A high-cholesterol diet promotes steatohepatitis and liver tumorigenesis in HCV core gene transgenic mice

  • Xiaojing Wang
  • Naoki TanakaEmail author
  • Xiao Hu
  • Takefumi Kimura
  • Yu Lu
  • Fangping Jia
  • Yoshiko Sato
  • Jun Nakayama
  • Kyoji Moriya
  • Kazuhiko Koike
  • Toshifumi Aoyama
Genotoxicity and Carcinogenicity


Previous epidemiological studies have suggested a link between high-cholesterol intake and liver disease progression, including hepatocellular carcinoma (HCC). However, the precise mechanism of hepatotoxicity and hepatocarcinogenesis caused by excessive cholesterol consumption remains unclear. We aimed to investigate the impact of dietary cholesterol using hepatitis C virus core gene transgenic (HCVcpTg) mice, which spontaneously developed HCC with age. Male HCVcpTg mice were treated for 15 months with either a control diet or an isocaloric diet containing 1.5% cholesterol, and liver phenotypes and tumor-associated signaling pathways were evaluated. The high-cholesterol diet-fed HCVcpTg mice exhibited a significantly higher incidence of liver tumors compared with the control diet mice (100% vs. 41%, P < 0.001). The diet induced steatohepatitis with pericellular fibrosis and evoked higher mRNA expression of pro-inflammatory and pro-fibrotic mediators along with enhanced hepatocyte proliferation and greater oxidative and endoplasmic reticulum stress in the liver. Moreover, long-term consumption of cholesterol-rich diet activated nuclear factor-kappa B (NF-κB) and p62/sequestosome 1 (Sqstm1)-nuclear factor erythroid 2 (NRF2) axis, enhanced fibrogenesis, and consequently accelerated hepatic tumorigenesis. In conclusion, these results demonstrate that a high-cholesterol diet facilitates liver tumorigenesis by inducing steatohepatitis, promoting hepatocyte division, and up-regulating cellular stress and pro-inflammatory NF-κB and detoxifying p62/Sqstm1-NRF2 signals. Therefore, high dietary cholesterol should be avoided in HCV-infected patients to prevent development of steatohepatitis, liver fibrosis, and HCC.


Steatohepatitis NF-κB p62/Sqstm1-NRF2 axis Fibrogenesis Oxidative stress 





Alanine aminotransferase


Aspartate aminotransferase


Alkaline phosphatase


α-Smooth muscle actin


B-cell leukemia/lymphoma 2-associated X protein


CCAAT/enhancer-binding protein homologous protein


Tumor necrosis factor receptor superfamily member 10b


Endoplasmic reticulum


Fatty acid


Hepatocellular carcinoma


Free cholesterol


Glyceraldehyde-3-phosphate dehydrogenase


Hepatitis C virus


HCV core gene transgenic






Liver X receptor


Non-alcoholic steatohepatitis


Non-esterified fatty acid


Nuclear factor-kappa B


NAD(P)H quinone dehydrogenase 1


Nuclear factor erythroid 2




Proliferating cell nuclear antigen


Peroxisome proliferator-activated receptor


Quantitative polymerase chain reaction


Sodium dodecyl sulfate-polyacrylamide gel electrophoresis


Standard error of the mean


Sequestosome 1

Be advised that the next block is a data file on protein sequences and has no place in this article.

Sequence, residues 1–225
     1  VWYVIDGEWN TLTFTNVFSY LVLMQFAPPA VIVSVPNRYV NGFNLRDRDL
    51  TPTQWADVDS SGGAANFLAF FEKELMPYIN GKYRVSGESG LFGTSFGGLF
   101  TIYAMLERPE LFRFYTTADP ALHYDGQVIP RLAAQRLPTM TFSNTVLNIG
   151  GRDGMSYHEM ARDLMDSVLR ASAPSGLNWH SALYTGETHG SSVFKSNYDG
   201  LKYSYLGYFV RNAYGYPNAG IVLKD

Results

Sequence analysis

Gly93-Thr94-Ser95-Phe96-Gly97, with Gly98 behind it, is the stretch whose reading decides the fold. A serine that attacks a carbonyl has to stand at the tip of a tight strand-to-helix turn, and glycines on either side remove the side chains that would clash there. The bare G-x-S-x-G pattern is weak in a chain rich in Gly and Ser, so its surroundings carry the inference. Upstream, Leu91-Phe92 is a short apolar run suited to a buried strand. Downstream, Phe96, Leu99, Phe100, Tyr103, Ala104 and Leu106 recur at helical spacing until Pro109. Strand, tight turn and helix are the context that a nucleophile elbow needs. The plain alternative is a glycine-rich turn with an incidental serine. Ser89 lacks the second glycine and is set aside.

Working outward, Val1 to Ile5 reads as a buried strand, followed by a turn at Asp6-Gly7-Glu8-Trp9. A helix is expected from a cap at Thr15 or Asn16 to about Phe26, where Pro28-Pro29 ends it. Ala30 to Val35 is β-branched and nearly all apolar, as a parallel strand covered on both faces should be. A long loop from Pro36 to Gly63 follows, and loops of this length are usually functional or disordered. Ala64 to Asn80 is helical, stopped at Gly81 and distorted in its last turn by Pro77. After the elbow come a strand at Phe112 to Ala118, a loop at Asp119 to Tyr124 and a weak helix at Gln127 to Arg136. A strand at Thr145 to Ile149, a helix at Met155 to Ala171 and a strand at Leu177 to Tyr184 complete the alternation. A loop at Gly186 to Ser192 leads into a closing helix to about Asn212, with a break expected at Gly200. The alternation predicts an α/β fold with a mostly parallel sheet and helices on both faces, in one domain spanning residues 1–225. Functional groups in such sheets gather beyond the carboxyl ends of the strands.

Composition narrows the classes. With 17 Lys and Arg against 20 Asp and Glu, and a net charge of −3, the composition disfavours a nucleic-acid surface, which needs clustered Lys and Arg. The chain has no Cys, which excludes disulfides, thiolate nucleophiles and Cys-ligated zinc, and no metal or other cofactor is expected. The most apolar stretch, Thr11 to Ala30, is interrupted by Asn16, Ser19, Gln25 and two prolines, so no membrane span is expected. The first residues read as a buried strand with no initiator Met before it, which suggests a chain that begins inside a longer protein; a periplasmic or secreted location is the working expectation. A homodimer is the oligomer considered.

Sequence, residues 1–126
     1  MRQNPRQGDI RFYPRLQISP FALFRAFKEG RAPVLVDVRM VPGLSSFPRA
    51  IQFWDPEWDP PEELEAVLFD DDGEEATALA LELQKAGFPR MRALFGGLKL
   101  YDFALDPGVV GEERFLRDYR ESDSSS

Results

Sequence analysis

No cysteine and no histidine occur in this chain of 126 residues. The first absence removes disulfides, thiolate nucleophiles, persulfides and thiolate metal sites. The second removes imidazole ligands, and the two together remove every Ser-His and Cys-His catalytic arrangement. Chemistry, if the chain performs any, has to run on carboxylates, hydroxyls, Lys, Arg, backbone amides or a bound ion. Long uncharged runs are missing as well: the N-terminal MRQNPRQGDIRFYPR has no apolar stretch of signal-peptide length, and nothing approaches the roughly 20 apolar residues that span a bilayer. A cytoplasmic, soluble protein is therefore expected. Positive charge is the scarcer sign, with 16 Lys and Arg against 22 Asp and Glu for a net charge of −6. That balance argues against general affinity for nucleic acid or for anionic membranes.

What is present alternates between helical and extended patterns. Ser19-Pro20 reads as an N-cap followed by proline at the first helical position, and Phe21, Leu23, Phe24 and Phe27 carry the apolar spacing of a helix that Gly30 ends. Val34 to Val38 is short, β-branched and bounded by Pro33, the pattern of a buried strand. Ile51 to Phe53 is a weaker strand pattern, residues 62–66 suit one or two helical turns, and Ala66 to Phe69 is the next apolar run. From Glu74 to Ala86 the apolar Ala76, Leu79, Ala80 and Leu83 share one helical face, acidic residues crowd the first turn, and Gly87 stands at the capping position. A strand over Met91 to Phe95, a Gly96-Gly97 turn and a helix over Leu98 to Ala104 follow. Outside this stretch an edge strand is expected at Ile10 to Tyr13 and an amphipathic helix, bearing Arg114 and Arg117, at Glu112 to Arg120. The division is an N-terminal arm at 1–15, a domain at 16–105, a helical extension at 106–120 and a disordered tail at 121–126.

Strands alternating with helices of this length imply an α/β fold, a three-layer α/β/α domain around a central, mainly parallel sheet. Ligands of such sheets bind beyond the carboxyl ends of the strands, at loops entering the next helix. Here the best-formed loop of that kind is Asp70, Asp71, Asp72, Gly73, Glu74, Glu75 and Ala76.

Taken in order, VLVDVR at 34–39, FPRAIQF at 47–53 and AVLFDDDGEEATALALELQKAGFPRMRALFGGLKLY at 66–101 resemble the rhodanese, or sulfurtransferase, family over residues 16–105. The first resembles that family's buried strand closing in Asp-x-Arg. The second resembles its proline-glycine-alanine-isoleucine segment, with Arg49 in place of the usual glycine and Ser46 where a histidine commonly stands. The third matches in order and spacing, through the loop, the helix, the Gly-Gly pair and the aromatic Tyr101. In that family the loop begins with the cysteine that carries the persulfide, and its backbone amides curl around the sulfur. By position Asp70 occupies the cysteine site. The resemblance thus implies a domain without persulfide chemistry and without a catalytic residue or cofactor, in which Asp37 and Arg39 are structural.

Sterol regulatory element-binding protein


Total bile acid


Total cholesterol




Transforming growth factor-β1


Toll-like receptor


Tumor necrosis factor-α



We appreciate Mr. Trevor Ralph for his English editorial assistance and Dr. Takero Nakajima and Dr. Ruan Guo (Shinshu University School of Medicine) for their invaluable help, advice, instruction, and encouragement. We thank Research Center for Supports to Advanced Science, Shinshu University, for technical supports and animal care. This study was partially supported by JSPS Grants-in-Aid for Scientific Research (KAKENHI Grant number 16K08734).

Author contribution

Design and writing the paper: NT and TA. Performing experiments: XW, NT, XH, TK, YL, FJ, and YS. Analyzing data: XW, NT, XH, TK, YL, and YS. Supervision: JN, KM, and KK. All authors read and approved the final manuscript.


The authors have declared that no financial support exists.

Compliance with ethical standards

Conflict of interest

The authors have declared that no conflict of interest exists.

Supplementary material

204_2019_2440_MOESM1_ESM.docx (468 kb)
Supplementary material 1 (DOCX 468 kb)


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Copyright information

© Springer-Verlag GmbH Germany, part of Springer Nature 2019

Authors and Affiliations

  1. 1.Department of Metabolic RegulationShinshu University School of MedicineMatsumotoJapan
  2. 2.Department of GastroenterologyLishui Hospital, Zhejiang University School of MedicineLishuiPeople’s Republic of China
  3. 3.Research Center for Social Systems, Shinshu UniversityMatsumotoJapan
  4. 4.Department of PathophysiologyHebei Medical UniversityShijiazhuangPeople’s Republic of China
  5. 5.Department of GastroenterologyShinshu University School of MedicineMatsumotoJapan
  6. 6.Department of Molecular PathologyShinshu University School of MedicineMatsumotoJapan
  7. 7.Department of Infection Control and PreventionThe University of TokyoTokyoJapan
  8. 8.Department of GastroenterologyThe University of TokyoTokyoJapan

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